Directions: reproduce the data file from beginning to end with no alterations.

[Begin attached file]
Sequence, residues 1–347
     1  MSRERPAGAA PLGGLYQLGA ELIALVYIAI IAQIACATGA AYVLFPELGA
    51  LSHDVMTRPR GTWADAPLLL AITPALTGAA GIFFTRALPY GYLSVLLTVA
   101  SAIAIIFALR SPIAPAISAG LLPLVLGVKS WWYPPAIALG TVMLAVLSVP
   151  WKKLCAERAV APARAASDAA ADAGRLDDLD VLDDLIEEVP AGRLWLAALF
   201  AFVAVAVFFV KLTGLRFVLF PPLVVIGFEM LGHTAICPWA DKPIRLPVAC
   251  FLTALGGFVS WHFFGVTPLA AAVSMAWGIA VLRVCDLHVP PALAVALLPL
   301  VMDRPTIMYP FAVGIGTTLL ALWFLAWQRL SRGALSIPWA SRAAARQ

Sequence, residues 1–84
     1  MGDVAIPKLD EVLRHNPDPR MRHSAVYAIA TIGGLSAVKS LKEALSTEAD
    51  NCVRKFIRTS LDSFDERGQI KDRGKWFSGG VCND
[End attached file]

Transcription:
Sequence, residues 1–347
     1  MSRERPAGAA PLGGLYQLGA ELIALVYIAI IAQIACATGA AYVLFPELGA
    51  LSHDVMTRPR GTWADAPLLL AITPALTGAA GIFFTRALPY GYLSVLLTVA
   101  SAIAIIFALR SPIAPAISAG LLPLVLGVKS WWYPPAIALG TVMLAVLSVP
   151  WKKLCAERAV APARAASDAA ADAGRLDDLD VLDDLIEEVP AGRLWLAALF
   201  AFVAVAVFFV KLTGLRFVLF PPLVVIGFEM LGHTAICPWA DKPIRLPVAC
   251  FLTALGGFVS WHFFGVTPLA AAVSMAWGIA VLRVCDLHVP PALAVALLPL
   301  VMDRPTIMYP FAVGIGTTLL ALWFLAWQRL SRGALSIPWA SRAAARQ

Sequence, residues 1–84
     1  MGDVAIPKLD EVLRHNPDPR MRHSAVYAIA TIGGLSAVKS LKEALSTEAD
    51  NCVRKFIRTS LDSFDERGQI KDRGKWFSGG VCND